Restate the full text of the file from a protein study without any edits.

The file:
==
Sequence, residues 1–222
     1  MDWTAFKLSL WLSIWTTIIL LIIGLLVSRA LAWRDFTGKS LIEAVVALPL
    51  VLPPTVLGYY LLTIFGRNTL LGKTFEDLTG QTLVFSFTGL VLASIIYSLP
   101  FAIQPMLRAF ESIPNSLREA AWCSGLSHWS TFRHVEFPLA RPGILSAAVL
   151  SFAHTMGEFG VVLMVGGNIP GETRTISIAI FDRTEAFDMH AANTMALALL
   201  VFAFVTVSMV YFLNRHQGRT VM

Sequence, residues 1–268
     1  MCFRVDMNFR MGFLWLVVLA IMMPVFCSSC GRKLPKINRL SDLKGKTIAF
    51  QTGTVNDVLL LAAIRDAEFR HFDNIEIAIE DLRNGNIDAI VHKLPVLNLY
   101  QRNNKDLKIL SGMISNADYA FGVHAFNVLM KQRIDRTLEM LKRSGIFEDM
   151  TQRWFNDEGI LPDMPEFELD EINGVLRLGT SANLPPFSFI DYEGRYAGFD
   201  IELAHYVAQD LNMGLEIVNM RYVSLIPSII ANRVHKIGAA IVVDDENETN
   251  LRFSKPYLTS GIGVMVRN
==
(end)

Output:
Sequence, residues 1–222
     1  MDWTAFKLSL WLSIWTTIIL LIIGLLVSRA LAWRDFTGKS LIEAVVALPL
    51  VLPPTVLGYY LLTIFGRNTL LGKTFEDLTG QTLVFSFTGL VLASIIYSLP
   101  FAIQPMLRAF ESIPNSLREA AWCSGLSHWS TFRHVEFPLA RPGILSAAVL
   151  SFAHTMGEFG VVLMVGGNIP GETRTISIAI FDRTEAFDMH AANTMALALL
   201  VFAFVTVSMV YFLNRHQGRT VM

Sequence, residues 1–268
     1  MCFRVDMNFR MGFLWLVVLA IMMPVFCSSC GRKLPKINRL SDLKGKTIAF
    51  QTGTVNDVLL LAAIRDAEFR HFDNIEIAIE DLRNGNIDAI VHKLPVLNLY
   101  QRNNKDLKIL SGMISNADYA FGVHAFNVLM KQRIDRTLEM LKRSGIFEDM
   151  TQRWFNDEGI LPDMPEFELD EINGVLRLGT SANLPPFSFI DYEGRYAGFD
   201  IELAHYVAQD LNMGLEIVNM RYVSLIPSII ANRVHKIGAA IVVDDENETN
   251  LRFSKPYLTS GIGVMVRN